- Low carb diets promote satiety. Low carb foods such as meat, fish, and vegetables are some of the most filling foods on the planet. Compare this to low-fat products, aka high sugar foods, which are light and moorish. Taking the fat out of a food reduces its palatability, so manufacturers put in sugar to compensate. This makes them less filling and more flavourful per calorie, resulting in us eating more calories to feel satisfied. Furthermore, most of our favorite calorie dense junk foods (cookies, cakes, sweets) are carb heavy and therefore banned on low carb diets.
- Low carb meals keep you fuller for longer. Fat and protein are digested much slower than sugar and carbohydrates. Fat is well known to reduce gastric emptying, which is the rate your stomach releases food into the small intestine (3). Moreover, some satiety hormones such as CCK respond more strongly to fat and protein based meals (4). Both of these points explain why steak and veggies fill you up more than a bowl of cereal (even if the calories are equal).
So, Its All About Calories!?
Ultimately yes. However, as the 3 reasons above explain sustaining a reduced calorie intake on a low carb diet, is far easier than on a low fat diet. This is why the majority of studies show low carb diets to be superior. Subjects are largely left alone throughout these studies and have to maintain their diets without supervision. Therefore, the easiest diet to follow wins!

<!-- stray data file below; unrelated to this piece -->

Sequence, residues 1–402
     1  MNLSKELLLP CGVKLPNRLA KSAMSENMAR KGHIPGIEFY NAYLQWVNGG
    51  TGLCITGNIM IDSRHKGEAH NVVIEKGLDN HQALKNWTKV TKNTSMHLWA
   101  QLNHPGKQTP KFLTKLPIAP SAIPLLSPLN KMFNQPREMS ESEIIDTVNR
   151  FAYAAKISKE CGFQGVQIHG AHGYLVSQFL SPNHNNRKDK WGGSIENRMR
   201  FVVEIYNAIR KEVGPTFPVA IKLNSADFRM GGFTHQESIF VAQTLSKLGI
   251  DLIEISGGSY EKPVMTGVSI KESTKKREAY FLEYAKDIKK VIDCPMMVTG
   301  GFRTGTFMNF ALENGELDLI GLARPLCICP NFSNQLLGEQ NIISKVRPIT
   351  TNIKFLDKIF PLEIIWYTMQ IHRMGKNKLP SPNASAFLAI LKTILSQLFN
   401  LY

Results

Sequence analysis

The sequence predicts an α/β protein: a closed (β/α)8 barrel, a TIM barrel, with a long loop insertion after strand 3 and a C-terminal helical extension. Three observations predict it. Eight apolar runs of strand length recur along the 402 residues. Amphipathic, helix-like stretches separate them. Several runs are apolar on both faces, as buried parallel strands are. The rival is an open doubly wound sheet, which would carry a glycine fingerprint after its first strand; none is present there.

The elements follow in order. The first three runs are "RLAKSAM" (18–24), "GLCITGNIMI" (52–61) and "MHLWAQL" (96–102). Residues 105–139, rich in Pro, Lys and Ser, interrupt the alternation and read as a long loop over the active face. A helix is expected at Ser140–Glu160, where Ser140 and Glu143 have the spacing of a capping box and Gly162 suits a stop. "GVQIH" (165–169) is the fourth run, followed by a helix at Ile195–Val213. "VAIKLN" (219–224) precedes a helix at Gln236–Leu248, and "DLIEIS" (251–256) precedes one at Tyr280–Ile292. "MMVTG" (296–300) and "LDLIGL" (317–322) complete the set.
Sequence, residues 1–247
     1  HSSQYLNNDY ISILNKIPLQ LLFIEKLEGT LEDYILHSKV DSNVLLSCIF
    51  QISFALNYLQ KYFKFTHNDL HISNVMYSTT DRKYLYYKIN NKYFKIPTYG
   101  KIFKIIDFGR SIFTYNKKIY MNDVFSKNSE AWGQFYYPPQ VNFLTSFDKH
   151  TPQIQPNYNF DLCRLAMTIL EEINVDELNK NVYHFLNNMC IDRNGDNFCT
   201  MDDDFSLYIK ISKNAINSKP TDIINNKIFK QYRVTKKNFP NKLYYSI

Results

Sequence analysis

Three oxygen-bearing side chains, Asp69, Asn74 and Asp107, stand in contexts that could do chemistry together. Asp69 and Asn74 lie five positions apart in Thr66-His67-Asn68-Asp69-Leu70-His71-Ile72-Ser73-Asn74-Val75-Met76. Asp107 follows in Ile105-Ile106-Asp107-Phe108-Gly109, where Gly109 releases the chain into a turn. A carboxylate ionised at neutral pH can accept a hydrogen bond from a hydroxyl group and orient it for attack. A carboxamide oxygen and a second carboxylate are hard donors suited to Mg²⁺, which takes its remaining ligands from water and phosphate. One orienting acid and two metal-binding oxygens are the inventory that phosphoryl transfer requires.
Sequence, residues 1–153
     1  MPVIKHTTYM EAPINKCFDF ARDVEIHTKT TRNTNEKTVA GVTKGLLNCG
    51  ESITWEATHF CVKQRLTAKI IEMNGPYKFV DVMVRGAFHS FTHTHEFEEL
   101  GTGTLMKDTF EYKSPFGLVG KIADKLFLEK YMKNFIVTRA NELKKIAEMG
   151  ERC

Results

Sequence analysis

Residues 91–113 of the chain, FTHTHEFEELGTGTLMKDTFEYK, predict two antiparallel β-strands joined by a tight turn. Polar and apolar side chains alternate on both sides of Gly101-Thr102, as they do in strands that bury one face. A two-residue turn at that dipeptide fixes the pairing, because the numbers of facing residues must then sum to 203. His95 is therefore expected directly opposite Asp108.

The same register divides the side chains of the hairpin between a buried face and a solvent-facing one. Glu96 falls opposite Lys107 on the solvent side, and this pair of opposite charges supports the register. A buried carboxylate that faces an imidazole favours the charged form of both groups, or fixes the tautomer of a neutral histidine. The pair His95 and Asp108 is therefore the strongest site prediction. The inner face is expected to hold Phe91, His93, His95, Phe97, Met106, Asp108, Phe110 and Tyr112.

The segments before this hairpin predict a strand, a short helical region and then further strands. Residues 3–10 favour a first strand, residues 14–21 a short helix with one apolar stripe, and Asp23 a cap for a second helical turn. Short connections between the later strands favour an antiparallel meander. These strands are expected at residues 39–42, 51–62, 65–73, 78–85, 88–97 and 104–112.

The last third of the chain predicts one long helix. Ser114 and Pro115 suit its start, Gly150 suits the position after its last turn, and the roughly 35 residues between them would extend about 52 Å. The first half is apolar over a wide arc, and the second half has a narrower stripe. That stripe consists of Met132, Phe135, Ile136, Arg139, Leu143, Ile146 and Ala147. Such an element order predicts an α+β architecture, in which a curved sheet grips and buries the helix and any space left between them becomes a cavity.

Studies that offer more support and behaviour management programs reduce the differences between diets. For instance, one study included in the meta-analysis provided group treatment sessions once a week for the first 20 weeks and every 2nd week for the next 20 weeks. The low carb group had lost 12.2kg at 6 months, and the low fat group lost 11.3kg, not much of a difference there. This conveys that if you can maintain a low fat diet, it works almost as well. However, left to your own devices a low carb diet is probably better.
Are Low Carb Diets Dangerous? – High Cholesterol!
Ok, so low carb diets help you lose weight, but won’t all that fat clog up my arteries and give me a heart attack!? Well, the meta-analysis discussed earlier commented:
‘participants on low carb diets experienced… a greater increase in HDL-cholesterol and LDL-cholesterol… [and] that the beneficial changes of low carb diets must be weighed against the possible detrimental effects of increased LDL-cholesterol’
It is true that low carb diets raise LDL cholesterol i.e. bad cholesterol, and low fat diets decrease it. However, that is only one risk factor. Low carb diets also increase HDL cholesterol (good cholesterol), reduce triglycerides, blood pressure and VLDL cholesterol much more than low-fat diets (2). All these changes decrease our risk for heart disease. Moreover, VLDL cholesterol has a stronger association with heart disease than LDL and therefore may be a better predictor (5). Losing weight also decreases your risk for heart disease and many other chronic diseases such as cancer (6). Thus, taking a more holistic view, low carb diets may be better than low fat diets for heart disease risk.